Last edited: 10 Aug 2015
  10. crehld

    crehld Established Member Senior Fares Advisor Associate Staff

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    Indeed. Had cause to use a dentist for an emergency in Switzerland. Was asked for my health insurance number. Presented my EHIC card. Was then given two options.

    Option 1. Leave and make my way to the local commune headquarters. Wait two days for it to open. Sign up to purchase a 300 franc monthly subscription to a public health insurance package (minimum subscription three months) which covers dental care. Return to dentist, pay dentist the 300 franc excess, plus another 10% of what the treatment is worth. Get tooth sorted.

    Option 2. Pretend the EHIC card didn't exist. Handover 250 francs as a private patient. Get tooth sorted.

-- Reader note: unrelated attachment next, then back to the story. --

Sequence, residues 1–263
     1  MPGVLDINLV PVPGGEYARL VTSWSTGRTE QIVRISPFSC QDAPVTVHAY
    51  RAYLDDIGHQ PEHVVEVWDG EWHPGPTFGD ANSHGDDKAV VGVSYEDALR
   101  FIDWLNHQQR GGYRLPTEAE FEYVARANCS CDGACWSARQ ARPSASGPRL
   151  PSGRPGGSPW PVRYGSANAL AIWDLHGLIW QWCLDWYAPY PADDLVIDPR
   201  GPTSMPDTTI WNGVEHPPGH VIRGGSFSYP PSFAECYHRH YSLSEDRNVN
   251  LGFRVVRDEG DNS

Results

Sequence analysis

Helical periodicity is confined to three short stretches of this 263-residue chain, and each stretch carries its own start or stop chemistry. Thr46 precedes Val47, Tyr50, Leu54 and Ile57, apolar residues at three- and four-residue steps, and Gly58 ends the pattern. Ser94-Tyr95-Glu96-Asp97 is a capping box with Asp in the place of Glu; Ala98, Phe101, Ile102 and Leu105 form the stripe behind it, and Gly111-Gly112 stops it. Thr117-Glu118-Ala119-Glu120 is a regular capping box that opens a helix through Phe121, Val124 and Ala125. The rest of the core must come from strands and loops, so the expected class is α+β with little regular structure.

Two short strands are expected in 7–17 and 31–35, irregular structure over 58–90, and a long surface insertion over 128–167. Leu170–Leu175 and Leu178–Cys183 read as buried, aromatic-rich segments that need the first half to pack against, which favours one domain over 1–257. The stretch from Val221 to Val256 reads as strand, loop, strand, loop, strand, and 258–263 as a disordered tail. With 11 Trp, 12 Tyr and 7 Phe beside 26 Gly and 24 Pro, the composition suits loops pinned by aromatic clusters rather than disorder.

Apparently there was a third option which involved a lot of form filling and yet more money changing hands.
     
  11. gazthomas

    gazthomas Established Member

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    I think it's a mindset thing
     
  12. AM9

    AM9 Established Member

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    There's nothing to stop somebody from outside the EU (or the card's area of validity) using it to get free/reduced cost medical care. Thus somebody from Eritrea could get help in those countries where passports aren't insisted on at the time.
     
  13. tony_mac

    tony_mac Established Member

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    Your original post involved a misunderstanding of the problem.
    You also reported that there is a 'considerable number' of people already doing this. Was that real 'news' from somewhere, or did you just throw it in for added effect?